“My three major job-creating centers are having a huge problem,” Governor McDonnell protests. He had hoped to privatize the commonwealth’s state-monopoly liquor stores and invest the proceeds from their sale in transportation, but that initiative failed. He also tried to open up new oil-and-gas drilling in the state and direct its proceeds to transportation, but his efforts were blocked by the Obama administration. A series of audits and reforms helped squeeze some extra value out of the Virginia Department of Transportation, but in the end he was left with something that most conservatives find unpalatable: a substantial tax increase to support an ambitious public-works project.
“Those people sitting out there in the parking lot that is I-495 — those are voters,” says Virginia secretary of transportation Sean Connaughton, who served in the U.S. Department of Transportation in the George W. Bush administration. “They are” — he pauses for a moment, as though not quite sure whether he should finish the thought — “Republican voters, a lot of them, conservative Republicans, out in Loudoun County and places like that. They expect us to do something.” Mr. Connaughton is himself a frustrated Virginia commuter: He drives daily from his home in the Virginia exurbs of Washington to the state capital of Richmond, some 100 miles away — and that drive takes him less time than his previous commute into Washington. “It’s just crazy,” he says.
Before I sit in traffic on the freeway into Philadelphia, I get to sit in traffic on the Blue Route, and before that I get to sit in suburban traffic on Lancaster Avenue, the nation’s first paved intercity road, privately financed and built in 1795. The allegedly 32-minute drive from the suburb of Wayne, Pa., to Rittenhouse Square in the center of Philadelphia takes more than an hour, and a good part of that time is spent just trying to get to the Schuylkill Expressway — or “Surekill Distressway,” as it is locally known.
The Schuylkill is a very special circle of commuter hell, the busiest road in Pennsylvania, used by hundreds of thousands of commuters each day. On a fine bright Monday-morning drive into Philadelphia not long ago, a young man pulled up next to me in a new Volkswagen Jetta. He looked every inch the prosperous young coffee achiever: In a new car, on his way to work early on a Monday morning, wearing a suit — and as we sat stalled in traffic, he produced a small glass pipe and a lighter, and took a deep, long drag of crack. I think that the guy who designed the Schuylkill must have been doing something similar: The freeway is a sort of inside-out abomination, with most of the exits and on-ramps on the left side of the road rather than the right, which makes for some pretty interesting rush-hour maneuvering. The lanes are narrow and, because it closely hugs the contours of the Schuylkill River, it has proved impossible to expand or improve. The design is so poor that a 2009 rainstorm resulted in a four-hour traffic jam of such absolute stillness that drivers were seen getting out of their cars and playing cards. That’s a high price to pay for living in the suburbs.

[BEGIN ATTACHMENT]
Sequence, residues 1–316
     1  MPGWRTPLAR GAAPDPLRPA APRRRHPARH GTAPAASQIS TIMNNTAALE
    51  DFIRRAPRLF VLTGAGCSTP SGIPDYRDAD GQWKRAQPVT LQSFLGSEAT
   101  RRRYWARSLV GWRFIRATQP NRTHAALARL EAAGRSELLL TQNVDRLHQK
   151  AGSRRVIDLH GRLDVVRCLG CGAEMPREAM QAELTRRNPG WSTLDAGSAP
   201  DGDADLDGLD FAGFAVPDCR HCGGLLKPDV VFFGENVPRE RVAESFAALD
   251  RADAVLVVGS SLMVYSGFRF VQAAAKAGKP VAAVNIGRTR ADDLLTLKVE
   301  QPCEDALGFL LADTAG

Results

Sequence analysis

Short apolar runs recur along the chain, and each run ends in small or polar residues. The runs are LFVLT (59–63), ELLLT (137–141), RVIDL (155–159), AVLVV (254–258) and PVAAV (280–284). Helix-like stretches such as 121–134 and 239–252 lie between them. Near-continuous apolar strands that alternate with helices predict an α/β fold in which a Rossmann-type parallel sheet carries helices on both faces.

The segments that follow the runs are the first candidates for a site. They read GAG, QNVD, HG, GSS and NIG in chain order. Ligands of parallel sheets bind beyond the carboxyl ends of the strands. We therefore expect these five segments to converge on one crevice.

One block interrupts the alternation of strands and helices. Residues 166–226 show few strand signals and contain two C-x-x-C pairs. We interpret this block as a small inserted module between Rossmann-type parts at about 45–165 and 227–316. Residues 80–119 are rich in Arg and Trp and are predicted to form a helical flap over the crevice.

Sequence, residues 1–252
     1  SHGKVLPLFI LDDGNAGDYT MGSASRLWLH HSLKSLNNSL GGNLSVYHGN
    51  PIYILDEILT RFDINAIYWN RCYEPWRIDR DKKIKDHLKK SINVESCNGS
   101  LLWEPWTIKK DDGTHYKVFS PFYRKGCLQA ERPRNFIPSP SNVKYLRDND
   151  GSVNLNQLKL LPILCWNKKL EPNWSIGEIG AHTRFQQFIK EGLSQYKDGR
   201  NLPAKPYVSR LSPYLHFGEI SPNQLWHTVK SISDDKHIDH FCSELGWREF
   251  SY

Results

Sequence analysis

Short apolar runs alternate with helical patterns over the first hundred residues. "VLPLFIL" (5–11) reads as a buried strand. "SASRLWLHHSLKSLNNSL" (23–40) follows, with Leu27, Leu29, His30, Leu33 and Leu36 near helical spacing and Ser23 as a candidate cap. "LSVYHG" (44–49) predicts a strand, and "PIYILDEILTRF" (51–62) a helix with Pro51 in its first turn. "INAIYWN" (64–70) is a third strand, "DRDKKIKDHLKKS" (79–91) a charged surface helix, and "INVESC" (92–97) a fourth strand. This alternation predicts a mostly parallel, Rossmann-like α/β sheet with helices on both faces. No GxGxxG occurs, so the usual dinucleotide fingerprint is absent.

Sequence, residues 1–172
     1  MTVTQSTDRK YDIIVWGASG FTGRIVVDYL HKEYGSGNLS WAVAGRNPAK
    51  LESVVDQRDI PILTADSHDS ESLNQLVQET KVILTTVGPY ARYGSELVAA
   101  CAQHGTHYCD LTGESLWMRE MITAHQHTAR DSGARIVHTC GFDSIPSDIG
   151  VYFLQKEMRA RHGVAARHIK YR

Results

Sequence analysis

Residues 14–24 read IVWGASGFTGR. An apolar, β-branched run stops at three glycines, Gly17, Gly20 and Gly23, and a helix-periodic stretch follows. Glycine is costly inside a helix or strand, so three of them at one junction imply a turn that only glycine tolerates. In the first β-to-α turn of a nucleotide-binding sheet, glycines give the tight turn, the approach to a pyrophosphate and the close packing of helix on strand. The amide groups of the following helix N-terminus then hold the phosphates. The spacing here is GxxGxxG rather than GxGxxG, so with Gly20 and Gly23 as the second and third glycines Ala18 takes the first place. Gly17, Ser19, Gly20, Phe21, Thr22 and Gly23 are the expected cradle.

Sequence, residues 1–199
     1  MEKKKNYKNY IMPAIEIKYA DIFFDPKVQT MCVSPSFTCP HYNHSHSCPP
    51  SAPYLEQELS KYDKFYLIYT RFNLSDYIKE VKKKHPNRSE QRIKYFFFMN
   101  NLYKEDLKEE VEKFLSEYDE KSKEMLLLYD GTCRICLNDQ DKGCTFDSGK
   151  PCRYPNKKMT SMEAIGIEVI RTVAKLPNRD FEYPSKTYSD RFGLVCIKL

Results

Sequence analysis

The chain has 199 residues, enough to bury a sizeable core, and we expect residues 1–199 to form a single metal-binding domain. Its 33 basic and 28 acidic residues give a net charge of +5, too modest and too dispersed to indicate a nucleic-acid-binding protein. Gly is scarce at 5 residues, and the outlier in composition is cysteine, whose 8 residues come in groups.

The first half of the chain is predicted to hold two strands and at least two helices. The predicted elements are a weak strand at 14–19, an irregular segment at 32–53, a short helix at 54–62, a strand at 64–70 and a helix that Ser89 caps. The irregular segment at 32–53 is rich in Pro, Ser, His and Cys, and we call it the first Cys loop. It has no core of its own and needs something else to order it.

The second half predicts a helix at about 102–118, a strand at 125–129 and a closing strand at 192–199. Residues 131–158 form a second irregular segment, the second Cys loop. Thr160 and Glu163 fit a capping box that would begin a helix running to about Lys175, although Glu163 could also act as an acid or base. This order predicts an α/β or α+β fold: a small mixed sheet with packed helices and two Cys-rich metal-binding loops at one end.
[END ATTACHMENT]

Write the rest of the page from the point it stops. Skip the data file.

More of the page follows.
Those traffic-stranded suburbanites point to the reason why the transit problem is probably unsolvable. They don’t have the same access to mass transit, but people want to live in the suburbs of Sun Belt cities for the same reason they want to live in the suburbs of northeastern cities: a measure of privacy, superior schools, and room to raise a family. The ten-minute commute between Midtown Manhattan and the Financial District via a $112-a-month unlimited subway pass is very attractive if you are the sort of person who enjoys living in a 500-square-foot New York City apartment, i.e., young and well-off or old and well-off. For people in the middle — and, especially, for non-millionaire married couples with children — the suburbs continue to be very attractive.